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Syria and Turkey edge closer to crisis as shelling continues

Turkey has shelled Syria for the fourth consecutive day, leading to fears that Syria's civil war may become a regional conflict.

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Turkish artillery stationed on the Syrian border near Akcakale on Friday.

AP

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Turkey and Syria traded artillery fire for the fourth day in a row Saturday as rebels clashed with President Bashar Assad's forces near the border, heightening fears that the crisis could erupt into a regional conflict.

Also Saturday, Syrian Defense Minister Gen. Fahd Jassem al-Freij vowed to crush the rebellion and bring the violence that has engulfed the country to an end.

The diplomatic crisis began on Wednesday, when a Syrian shell killed five civilians in a Turkish border town and triggered unprecedented artillery strikes by Turkey. Ankara has deployed more troops to its southern border with Syria, and has responded to each shell that has struck Turkish soil with its own artillery barrage.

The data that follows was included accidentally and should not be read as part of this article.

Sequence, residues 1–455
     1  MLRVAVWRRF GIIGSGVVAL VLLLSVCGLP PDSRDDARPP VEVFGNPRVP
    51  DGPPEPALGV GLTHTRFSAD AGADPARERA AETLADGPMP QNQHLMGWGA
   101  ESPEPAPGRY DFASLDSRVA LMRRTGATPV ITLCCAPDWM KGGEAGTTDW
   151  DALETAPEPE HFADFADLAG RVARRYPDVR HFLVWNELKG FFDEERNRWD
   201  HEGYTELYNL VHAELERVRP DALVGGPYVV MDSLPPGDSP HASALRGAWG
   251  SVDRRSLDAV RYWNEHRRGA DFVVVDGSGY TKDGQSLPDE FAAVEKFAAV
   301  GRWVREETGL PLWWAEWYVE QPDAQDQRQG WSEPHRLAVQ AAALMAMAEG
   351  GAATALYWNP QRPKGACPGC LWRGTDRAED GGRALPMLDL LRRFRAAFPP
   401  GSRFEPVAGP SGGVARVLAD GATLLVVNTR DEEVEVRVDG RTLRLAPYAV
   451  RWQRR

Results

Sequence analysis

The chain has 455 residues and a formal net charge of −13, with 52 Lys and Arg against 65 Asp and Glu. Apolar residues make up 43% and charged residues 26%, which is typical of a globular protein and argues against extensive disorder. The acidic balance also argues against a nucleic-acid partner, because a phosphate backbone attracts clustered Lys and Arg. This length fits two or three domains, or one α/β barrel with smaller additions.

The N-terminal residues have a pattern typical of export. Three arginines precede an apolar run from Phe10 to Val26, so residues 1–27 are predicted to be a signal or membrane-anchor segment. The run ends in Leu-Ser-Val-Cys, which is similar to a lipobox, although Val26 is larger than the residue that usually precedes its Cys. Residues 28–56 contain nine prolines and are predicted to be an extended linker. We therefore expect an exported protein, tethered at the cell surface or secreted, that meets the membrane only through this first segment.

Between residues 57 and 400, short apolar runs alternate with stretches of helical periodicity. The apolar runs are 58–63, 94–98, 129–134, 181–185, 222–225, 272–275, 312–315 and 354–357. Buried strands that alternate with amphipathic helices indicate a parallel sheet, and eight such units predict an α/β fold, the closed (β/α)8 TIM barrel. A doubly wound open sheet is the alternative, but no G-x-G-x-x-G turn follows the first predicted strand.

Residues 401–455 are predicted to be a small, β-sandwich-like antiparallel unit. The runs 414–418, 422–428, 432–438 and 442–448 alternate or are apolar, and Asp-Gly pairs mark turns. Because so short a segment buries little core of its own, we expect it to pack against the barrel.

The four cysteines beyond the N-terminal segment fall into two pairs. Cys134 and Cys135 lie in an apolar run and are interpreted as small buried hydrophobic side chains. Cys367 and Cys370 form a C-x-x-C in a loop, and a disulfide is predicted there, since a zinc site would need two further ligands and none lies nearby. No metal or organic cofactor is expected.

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On Friday, Turkish Prime Minister Recep Tayyip Erdogan cautioned Damascus not to test Turkey's "limits and determination" and said Ankara was not bluffing in saying it won't tolerate such acts.

Saturday's cross-border exchange began when two mortar shells fired from Syria landed in rural areas near the Turkish village of Guvecci, prompting Turkish return fire, Turkey's media reported.

Later Saturday, a third shell hit near another village in Turkey's Hatay province and Turkish troops fired back, the office of the provincial governor said.

No casualties were reported.

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